But this salad...this salad!! It's my favorite kind of salad. Legumey protein, all the flavor, and everything chopped up into the same size small pieces.

Does it ever bother you how hard it is to get a bite of salad with each component on it? Like, trying to get a toasted pecan, a sliver of dried apricot, greens, and a crouton on a fork is an unduly trying challenge.

You can eat this salad with a SPOON! Forks work too. I bet a spork would be splendid. I might stay away from eating off a knife if I were you, but hey...whatever pickles your caper.


Speaking of which! This salad also has capers, which you can't see because they look just like overgrown lentils. But their bright brininess, combined with earthy lentils, bitter and crunchy radish, sharp red onion, salty and tangy goat cheese, and herbaceous parsley make an awesome combo. It helps that the dressing has 10 different spices, almost as many as KFC chicken.


Got that? This salad is once spice away from being as delicious as fried chicken!

Not.

Anyway, the combination is the brainchild of Sarah at My New Roots. There's all the warm holiday spices (cinnamon, cloves, nutmeg, and even cardamom!), plus cayenne, coriander, cumin, and turmeric. The combination is unexpected, leaning towards curry but not quite, a delicious and unexpected melange. It will seem like a lot of spices for the salad, but trust me when I say it makes a ton.

Cheers!
I had New Years dinner with 5 friends from high school, a tradition we've been doing since, well, high school! Everyone brought their A-game to the potluck, and we ate like queens, including making just a small dent in the bowl of lentils. It was lovely to see them all again and reconnect!

Chicken tacos, fruit salad, parmesan risotto, and of course, LENTILS!
Here's the recipe, with a few modifications! But use what you have, and what's in season, and what you like.

The Best Lentil Salad
Yield: 8 or 9 cups of salad. It's like a LOT. My friends and I hardly made a dent in the bowl.

To cook the lentils:
  • 2 1/4 cups (1 lb.) Du Puy lentils, cooked (French green lentils from the bulk bins at whole foods did the trick...they need to keep their shape, so red or yellow lentils won't work as well)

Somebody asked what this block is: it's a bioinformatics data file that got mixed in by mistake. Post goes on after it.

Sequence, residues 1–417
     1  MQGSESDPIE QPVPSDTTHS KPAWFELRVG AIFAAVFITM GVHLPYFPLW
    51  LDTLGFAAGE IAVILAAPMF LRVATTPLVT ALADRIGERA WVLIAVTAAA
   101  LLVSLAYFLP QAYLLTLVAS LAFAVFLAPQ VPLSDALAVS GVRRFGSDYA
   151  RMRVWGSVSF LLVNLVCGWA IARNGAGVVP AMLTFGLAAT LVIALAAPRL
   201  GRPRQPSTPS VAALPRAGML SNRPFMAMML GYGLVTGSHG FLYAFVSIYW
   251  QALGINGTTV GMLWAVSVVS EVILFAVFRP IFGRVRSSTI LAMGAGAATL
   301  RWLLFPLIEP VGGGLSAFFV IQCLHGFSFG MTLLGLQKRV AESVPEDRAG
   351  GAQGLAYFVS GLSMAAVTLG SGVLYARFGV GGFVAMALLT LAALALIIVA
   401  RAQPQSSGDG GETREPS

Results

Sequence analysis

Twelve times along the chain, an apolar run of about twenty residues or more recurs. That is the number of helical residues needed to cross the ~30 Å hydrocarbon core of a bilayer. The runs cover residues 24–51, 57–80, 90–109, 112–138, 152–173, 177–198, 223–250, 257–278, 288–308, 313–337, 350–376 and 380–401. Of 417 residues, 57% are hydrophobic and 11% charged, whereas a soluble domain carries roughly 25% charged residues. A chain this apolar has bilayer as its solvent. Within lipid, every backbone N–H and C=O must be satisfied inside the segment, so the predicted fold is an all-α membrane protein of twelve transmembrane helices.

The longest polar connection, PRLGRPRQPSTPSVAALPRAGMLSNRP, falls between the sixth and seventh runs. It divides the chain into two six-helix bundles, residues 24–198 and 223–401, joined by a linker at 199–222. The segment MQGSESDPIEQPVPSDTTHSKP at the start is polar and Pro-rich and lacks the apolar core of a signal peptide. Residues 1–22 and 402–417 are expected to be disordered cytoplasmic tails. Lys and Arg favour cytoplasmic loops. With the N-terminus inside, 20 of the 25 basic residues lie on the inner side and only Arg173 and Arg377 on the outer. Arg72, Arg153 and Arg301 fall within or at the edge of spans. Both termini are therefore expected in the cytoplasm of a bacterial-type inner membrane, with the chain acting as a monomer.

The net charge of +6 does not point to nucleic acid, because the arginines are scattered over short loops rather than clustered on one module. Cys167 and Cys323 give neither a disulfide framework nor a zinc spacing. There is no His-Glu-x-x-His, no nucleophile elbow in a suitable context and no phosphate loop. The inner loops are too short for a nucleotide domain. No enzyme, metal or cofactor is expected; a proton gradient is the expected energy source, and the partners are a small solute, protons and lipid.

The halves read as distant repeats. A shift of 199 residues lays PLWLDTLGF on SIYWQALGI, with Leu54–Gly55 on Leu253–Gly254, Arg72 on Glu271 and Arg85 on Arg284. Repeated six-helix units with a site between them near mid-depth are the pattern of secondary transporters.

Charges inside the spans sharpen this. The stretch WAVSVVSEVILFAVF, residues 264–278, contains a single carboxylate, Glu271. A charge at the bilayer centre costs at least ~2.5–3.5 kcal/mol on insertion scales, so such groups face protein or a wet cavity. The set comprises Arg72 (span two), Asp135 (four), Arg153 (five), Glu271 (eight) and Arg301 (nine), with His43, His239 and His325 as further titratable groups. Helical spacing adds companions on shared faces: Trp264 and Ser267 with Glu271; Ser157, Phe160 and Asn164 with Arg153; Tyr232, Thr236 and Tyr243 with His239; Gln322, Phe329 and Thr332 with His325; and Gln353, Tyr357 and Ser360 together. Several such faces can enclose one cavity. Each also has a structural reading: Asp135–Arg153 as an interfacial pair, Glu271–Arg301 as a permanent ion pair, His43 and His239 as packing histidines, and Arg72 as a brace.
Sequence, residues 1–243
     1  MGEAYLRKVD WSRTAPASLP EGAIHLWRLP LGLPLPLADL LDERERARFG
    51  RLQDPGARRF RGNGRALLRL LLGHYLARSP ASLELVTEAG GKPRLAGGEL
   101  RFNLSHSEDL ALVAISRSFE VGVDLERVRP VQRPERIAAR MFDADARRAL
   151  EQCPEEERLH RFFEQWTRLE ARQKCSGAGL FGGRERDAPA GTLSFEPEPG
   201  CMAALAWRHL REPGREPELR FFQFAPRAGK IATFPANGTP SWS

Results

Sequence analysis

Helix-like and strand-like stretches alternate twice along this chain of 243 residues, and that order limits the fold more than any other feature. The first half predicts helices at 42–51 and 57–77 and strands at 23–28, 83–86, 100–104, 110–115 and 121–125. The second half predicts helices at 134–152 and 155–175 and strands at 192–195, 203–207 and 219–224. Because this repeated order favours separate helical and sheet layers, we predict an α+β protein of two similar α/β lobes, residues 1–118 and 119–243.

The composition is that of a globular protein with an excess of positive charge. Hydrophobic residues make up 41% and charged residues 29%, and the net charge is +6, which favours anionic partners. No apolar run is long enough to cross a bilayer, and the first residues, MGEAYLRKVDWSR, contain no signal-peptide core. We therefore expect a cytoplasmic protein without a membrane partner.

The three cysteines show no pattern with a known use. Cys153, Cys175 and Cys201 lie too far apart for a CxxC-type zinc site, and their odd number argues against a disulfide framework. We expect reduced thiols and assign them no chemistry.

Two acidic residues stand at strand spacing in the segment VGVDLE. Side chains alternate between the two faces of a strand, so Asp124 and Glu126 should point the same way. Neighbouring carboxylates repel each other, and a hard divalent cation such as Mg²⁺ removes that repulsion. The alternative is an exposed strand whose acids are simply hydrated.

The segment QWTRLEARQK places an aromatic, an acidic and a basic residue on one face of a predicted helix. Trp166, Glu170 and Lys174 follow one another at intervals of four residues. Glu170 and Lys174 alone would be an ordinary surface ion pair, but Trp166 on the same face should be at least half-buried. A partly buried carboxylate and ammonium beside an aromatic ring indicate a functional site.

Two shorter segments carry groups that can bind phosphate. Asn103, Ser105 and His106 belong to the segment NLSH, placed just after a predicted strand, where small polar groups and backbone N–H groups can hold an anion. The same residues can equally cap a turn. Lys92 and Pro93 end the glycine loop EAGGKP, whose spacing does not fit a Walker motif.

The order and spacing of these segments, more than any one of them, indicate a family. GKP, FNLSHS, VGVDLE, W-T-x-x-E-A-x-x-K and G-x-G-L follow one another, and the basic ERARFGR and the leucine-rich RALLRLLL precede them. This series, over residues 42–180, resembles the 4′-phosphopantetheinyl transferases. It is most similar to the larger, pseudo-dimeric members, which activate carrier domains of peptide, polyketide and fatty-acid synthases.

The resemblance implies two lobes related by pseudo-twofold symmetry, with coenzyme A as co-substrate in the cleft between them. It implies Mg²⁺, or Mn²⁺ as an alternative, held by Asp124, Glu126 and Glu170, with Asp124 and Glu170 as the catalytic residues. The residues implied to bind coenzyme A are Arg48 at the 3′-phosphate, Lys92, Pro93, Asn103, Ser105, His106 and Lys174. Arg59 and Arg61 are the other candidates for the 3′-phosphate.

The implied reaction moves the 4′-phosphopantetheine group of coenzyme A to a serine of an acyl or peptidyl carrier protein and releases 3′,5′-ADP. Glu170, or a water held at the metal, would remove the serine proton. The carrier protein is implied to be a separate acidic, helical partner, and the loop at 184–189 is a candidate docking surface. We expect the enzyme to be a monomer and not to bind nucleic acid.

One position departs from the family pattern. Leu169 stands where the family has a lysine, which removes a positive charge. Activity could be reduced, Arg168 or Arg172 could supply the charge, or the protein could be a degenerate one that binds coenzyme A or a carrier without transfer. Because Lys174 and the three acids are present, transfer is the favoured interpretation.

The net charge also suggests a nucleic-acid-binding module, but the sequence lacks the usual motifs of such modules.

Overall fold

• 32 oz box of vegetable or chicken stock
Rinse and sort the lentils to make sure there are no stones mixed in there. Put lentils and stock into a pot and add water to bring liquid level a few inches above the surface of the lentils. Bring to a boil, then lower to a simmer and cook for 15-20 minutes, checking for doneness frequently near the last 5 minutes. Strain and rinse, then put in a big mixing bowl with...
  • 1 medium red onion, finely diced
  • 1 cup dried currants (soak in hot water for 5 minutes if they're old and crusty like mine were)
  • 1/3 cup capers (basically a whole jar)
  • 5-6 radishes, thinly sliced (I used a food processor, but a mandoline would also work)
Vinaigrette: While the lentils are cooking, shake all ingredients in a leak-proof container. Then, toss with salad ingredients
  • 1/3 cup olive oil
  • 1/4 cup apple cider vinegar
  • 1 Tbsp. maple syrup
  • 1 Tbsp. Dijon mustard
  • 1 1/2 tsp. salt
  • 1 1/2 tsp. pepper
  • 1 tsp. ground cumin
  • 1/2 tsp. turmeric
  • 1/2 tsp. ground coriander
  • 1/4 tsp. cayenne pepper
  • 1/2 tsp ground cardamom
  • 1/4 tsp. ground cloves
  • 1/4 tsp. freshly grated nutmeg
  • 1/4 tsp. ground cinnamon
Before serving, add in, or top each bowl as desired with:
  • 1 cup parsley, roughly chopped
  • 1 cup crumbled goat cheese
Recipe adapted slightly from My New Roots.